POPLAR BLUFF, Mo. -- The Poplar Bluff School Board must decide if accusations of profanity used during track and football team practices will cost a tenured teacher his job.
A public termination hearing for high schoolteacher and coach Lance Bell was held Thursday at the central office. Bell, who has been with the district five years, has been on paid administrative leave since April. He taught health and served as head track coach, as well as assistant football coach.
A decision from the board is expected to be released within 20 days, after transcripts from Thursday's approximately three and a half hour proceedings are received. Testimony during the hearing was given by Bell, administrators and current and former students.
This is the district's second public termination hearing in less than a month. Public termination hearings are a tenured teacher's last recourse at the district level before termination.
They are very rare, according to administrators' attorney, Joseph Wientge Jr., of the St. Louis firm Mickes Goldman. Wientge added his firm represents approximately half the school districts in the state. They have about 75 termination cases a year reach this level, with about 10 percent of those culminating in a public hearing, he said.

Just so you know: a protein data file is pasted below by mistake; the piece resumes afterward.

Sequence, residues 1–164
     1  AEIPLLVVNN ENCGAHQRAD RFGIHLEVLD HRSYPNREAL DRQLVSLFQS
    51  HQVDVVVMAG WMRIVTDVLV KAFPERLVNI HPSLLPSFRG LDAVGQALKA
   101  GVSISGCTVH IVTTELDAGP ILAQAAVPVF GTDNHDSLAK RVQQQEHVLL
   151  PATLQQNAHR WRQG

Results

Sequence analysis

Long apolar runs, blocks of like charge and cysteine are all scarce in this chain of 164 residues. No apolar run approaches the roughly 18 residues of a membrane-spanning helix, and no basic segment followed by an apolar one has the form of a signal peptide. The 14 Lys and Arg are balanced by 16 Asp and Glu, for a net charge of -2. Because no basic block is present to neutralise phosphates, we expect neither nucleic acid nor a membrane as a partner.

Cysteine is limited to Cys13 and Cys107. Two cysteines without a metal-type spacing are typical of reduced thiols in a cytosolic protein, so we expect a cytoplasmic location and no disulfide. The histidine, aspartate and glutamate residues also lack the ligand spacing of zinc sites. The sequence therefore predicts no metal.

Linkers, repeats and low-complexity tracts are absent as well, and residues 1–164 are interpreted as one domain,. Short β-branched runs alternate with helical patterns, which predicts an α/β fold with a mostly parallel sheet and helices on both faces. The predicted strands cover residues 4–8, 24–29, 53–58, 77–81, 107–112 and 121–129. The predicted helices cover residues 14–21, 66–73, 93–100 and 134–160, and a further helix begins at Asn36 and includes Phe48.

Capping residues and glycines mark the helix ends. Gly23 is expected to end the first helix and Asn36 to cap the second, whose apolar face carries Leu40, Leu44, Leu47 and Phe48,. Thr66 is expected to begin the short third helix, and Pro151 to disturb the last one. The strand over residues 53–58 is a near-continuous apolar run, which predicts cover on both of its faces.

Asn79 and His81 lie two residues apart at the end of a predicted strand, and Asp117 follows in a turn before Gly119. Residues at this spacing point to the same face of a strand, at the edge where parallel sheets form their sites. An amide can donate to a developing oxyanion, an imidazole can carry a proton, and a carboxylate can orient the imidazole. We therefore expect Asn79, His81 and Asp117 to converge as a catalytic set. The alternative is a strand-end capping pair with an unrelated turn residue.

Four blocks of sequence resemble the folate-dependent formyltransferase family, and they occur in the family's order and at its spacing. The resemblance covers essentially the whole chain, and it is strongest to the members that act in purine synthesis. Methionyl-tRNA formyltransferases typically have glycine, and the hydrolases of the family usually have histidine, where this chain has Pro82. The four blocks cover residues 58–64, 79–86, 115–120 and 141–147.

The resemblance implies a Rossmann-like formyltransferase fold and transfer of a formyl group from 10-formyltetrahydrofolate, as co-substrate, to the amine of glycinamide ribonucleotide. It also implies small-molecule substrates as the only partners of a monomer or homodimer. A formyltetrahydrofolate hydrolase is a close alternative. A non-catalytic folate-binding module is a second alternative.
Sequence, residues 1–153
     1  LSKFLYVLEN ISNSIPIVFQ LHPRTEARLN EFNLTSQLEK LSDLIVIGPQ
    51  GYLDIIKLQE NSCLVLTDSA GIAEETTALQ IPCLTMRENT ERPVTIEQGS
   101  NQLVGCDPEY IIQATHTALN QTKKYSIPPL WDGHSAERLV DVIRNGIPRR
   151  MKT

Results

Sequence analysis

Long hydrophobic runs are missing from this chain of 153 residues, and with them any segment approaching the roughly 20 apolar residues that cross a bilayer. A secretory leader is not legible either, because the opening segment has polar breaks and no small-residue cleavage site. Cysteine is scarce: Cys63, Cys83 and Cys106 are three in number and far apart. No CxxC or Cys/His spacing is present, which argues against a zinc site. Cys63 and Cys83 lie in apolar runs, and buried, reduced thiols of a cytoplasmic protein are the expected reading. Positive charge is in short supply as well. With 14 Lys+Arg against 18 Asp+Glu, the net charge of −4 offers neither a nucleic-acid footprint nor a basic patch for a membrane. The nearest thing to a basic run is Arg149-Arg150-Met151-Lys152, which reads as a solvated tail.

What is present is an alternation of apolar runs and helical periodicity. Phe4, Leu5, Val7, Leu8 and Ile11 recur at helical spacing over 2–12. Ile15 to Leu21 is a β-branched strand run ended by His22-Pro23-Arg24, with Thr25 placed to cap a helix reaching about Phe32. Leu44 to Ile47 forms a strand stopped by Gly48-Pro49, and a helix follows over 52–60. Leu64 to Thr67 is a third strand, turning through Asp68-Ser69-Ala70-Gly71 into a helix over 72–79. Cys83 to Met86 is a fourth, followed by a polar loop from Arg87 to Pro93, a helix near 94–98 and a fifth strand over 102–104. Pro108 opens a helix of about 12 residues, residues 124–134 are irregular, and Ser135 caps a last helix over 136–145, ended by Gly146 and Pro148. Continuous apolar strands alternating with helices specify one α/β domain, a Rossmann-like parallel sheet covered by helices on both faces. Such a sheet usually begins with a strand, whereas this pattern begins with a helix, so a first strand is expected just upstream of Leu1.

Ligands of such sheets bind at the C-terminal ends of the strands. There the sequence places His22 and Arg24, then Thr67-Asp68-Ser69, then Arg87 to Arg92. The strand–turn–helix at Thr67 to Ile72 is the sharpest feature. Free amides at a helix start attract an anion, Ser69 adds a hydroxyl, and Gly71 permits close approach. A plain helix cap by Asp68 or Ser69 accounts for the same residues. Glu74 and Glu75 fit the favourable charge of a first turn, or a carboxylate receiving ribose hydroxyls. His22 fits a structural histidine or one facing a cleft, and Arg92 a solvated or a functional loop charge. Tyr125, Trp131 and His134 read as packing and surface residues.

In presenting the administrators' case, Wientge told board members Bell was warned multiple times not to use profanity. He presented documents showing Bell was placed on probation in October until May 31 for this reason, as well as letters from administrators addressing the teacher's use of profanity in 2008.
"What we have here is a willful, persistent pattern of inappropriate language," he said. "We've had too many repeated violations of our policies."
Bell admitted to using a profane term during a review of game tapes with football players in the fall of 2010, and during a track practice in the spring of 2011. He apologized and said his teaching contract should be considered separately from the coaching positions, adding none of the complaints were related to his time in the classroom.
"GD is not appropriate language," he told the board during testimony. "I shouldn't have said it. I regret saying it. I apologize to anybody I offended ... When we're to the point where we are now, I need to change some of my ways. I'm trying to do that. Habits are sometimes hard to break."
The board should give Bell another chance, said his attorney, C. Wade Pierce of the Poplar Bluff firm Duncan and Pierce.
"He's asking for our forgiveness, not that you wipe it away as if it didn't happen," Pierce explained.
The statement of charges by administrators accuses the teacher of failure to communicate with students in a professional and positive manner; insubordination for failure to comply with district policies, procedures and directives; and willful violation of board policies and the district's code of conduct.
Wientge called assistant football coaches John David Pattillo and Jason Dowd, who is also an assistant track coach, to describe the incidents at the film session and at track practice.